Paul Hines

Paul Aloysius Hines (March 1, 1855 – July 10, 1935) was an American center fielder in professional baseball who played in the National Association and Major League Baseball from 1872 to 1891. Born in Virginia, he is credited with winning baseball's first batting Triple crown winners in 1878 (Tommy Bond had accomplished the pitching version the year before); the accomplishment was not noted at the time, as runs batted in would not be counted until years later, home runs were rare and home run leadership obscure, and Abner Dalrymple was then erroneously recognized as the batting champion. Hines was the first of only three players to achieve the batting Triple Crown in the 19th century.

Paul Hines
Born: (1855-03-01)March 1, 1855
Died: July 10, 1935(1935-07-10) (aged 80)
Hyattsville, Maryland
Batted: Right
Threw: Right
MLB debut
April 20, 1872, for the Washington Nationals
Last MLB appearance
September 21, 1891, for the Washington Statesmen
MLB statistics
Batting average.302
Home runs57
Runs batted in855
Career highlights and awards

Hines likely practiced with the original Washington Nationals or played on its junior team before joining the National Association with that club in 1872. When the original Chicago White Stockings resumed play in 1874, the teenage Hines played every game, usually in center field. He remained with the club four seasons, including the inaugural National League championship season of 1876, and then played eight seasons for the Providence Grays from 1878 to 1885, spanning that club's entire major league association, during which the club won two pennants.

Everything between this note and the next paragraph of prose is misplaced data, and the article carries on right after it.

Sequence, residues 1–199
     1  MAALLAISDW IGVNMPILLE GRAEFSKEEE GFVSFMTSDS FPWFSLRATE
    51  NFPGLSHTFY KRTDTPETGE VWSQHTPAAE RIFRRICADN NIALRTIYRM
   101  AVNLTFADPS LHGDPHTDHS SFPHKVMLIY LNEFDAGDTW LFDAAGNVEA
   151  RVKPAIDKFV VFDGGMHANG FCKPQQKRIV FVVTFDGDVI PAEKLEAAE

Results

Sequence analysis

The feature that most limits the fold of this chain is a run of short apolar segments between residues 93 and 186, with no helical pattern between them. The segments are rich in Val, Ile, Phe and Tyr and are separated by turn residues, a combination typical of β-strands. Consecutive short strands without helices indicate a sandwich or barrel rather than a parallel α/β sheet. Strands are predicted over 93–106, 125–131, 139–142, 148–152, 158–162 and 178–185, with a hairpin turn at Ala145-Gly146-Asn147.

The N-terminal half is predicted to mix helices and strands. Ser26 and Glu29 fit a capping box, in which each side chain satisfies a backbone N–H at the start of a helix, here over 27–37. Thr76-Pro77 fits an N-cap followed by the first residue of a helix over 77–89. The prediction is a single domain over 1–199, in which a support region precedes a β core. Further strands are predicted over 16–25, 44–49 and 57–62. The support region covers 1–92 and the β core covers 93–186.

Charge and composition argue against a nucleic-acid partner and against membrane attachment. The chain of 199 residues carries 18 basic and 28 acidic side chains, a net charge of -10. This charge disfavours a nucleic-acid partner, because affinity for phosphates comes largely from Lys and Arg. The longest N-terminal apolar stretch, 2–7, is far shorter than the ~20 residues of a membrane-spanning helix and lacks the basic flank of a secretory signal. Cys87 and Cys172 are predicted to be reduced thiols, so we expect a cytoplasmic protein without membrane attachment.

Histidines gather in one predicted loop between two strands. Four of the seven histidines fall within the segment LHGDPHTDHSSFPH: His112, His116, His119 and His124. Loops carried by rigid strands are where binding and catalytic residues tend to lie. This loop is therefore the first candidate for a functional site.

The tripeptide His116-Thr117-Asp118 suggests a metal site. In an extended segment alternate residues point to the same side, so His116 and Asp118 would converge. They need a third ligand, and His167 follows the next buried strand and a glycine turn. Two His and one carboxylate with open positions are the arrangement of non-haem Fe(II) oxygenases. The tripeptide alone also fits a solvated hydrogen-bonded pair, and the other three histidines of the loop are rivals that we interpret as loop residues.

Professional career

Hines started his professional career with the National Association Washington Nationals at the age of seventeen in 1872. In eleven games, he batted .224 with eleven hits. The following year, he played one last year with Washington (with the Blue Legs) and batted .331 in 39 games.

He then moved over to the Chicago White Stockings in 1874. He batted .295 in 59 games with eighty hits. He also stole four bases (the first recorded ones of his career). The following year, he batted .328 in 68 games with 101 hits. He essentially repeated himself the following year, batting .331 with 101 hits in 64 games; he led the new National League in doubles with 21. The White Stockings were the first champions of the NL that year, going 52–14 that year. In his last year with Chicago in 1877, he batted .280 in sixty games with 73 hits.